News

public policy development (1)

A new article on food fraud public policy development for countries has been published by Dr John Spink (Director of the Food Fraud Initiative at Michigan State University) and the concepts described also apply to companies.

Abstract

Background

Food fraud is generally agreed to be defined as an illegal deception for economic gain using food which includes all types of fraud and all products. Food fraud – including the sub-category of Economically Motivated Adulteration or EMA – is an urgent global public policy issue that requires the development of common definitions and harmonized prevention management systems.

Scope and approach

There is a need to assess the food fraud public policy development steps to understand the current state and more importantly to identify next steps that will support efficient and successful implementation. Since food fraud policy development is in early stages of development, there is a unique opportunity to build upon the current state and make adjustments that will potentially yield tremendous benefit through harmonization and coordination.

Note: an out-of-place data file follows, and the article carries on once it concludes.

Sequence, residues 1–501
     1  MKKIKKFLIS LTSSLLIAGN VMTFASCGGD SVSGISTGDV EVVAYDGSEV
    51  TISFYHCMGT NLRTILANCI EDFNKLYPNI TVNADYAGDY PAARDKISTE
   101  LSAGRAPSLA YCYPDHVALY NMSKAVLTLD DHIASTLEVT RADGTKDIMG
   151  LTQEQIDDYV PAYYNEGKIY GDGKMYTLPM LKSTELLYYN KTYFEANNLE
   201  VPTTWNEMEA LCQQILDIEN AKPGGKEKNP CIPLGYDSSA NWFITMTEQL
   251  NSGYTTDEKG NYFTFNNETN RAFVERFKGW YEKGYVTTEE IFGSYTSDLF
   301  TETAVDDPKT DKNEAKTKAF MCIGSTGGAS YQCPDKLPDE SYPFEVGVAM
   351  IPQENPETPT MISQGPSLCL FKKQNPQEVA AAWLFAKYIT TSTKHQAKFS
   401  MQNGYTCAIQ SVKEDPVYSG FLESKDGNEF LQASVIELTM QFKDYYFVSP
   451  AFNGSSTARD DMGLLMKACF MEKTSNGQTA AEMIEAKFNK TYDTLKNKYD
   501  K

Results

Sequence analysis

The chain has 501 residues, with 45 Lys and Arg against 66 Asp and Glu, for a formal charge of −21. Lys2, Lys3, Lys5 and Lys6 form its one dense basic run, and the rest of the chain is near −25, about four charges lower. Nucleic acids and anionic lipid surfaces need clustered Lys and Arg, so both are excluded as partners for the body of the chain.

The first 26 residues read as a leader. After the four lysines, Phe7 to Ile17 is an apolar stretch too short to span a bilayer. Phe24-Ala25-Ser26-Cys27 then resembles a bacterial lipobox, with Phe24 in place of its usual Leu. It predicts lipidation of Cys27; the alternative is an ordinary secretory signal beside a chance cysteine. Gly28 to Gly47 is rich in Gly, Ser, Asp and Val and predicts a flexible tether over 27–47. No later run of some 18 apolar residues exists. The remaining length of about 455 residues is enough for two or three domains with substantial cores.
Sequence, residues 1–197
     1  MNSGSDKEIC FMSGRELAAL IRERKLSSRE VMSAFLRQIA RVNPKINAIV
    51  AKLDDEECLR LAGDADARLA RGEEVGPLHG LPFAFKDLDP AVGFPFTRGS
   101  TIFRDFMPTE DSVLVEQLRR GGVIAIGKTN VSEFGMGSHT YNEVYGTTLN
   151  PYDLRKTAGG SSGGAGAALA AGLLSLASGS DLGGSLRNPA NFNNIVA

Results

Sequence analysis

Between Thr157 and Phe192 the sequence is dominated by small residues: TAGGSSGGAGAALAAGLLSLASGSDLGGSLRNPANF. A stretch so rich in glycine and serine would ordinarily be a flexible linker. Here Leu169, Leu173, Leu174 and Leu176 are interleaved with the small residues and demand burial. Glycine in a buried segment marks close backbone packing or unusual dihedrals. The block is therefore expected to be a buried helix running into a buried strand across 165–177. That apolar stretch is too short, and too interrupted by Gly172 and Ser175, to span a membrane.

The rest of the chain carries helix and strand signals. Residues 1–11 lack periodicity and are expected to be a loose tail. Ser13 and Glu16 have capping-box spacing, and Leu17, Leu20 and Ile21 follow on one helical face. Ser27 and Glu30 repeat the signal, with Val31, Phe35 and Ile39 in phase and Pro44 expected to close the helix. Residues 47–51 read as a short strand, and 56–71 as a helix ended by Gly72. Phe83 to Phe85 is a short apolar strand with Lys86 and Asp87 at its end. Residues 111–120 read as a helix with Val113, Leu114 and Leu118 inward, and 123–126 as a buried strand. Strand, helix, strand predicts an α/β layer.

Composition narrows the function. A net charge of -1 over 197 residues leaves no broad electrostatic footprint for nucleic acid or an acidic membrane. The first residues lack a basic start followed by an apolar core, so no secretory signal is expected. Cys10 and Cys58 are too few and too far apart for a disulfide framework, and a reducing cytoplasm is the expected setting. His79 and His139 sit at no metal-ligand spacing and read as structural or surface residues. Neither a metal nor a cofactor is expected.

The process model steps reviewed include

Problem Identification (Foundation Setting and Definition & Formation), Agenda Setting, Alternate Approaches, Legitimation, Implementation, and Evaluation. The research included a review of the current public policy development stages for the United Kingdom, European Commission, China, United States of America, and then also the Global Food Safety Initiative GFSI.

Key findings and conclusions

The international food fraud policy-making is currently advancing through Agenda Setting, Alternate Approaches, and Legitimation. The next steps for an efficient and effective food fraud policy-making implementation are to: (1) establish the definition and scope, (2) define food fraud as a food agency issue, (3) publish an official government statement focused on prevention (e.g., law, regulation, rule, guidance, etc.), (4) support and fund the policy implementation, and (5) continue to evaluate and adjust the response. Since food fraud policy development is in the early stages of development, there is a unique opportunity to build upon the current state and make adjustments that will potentially yield tremendous benefit through harmonization and coordination.

Full article.

Read more…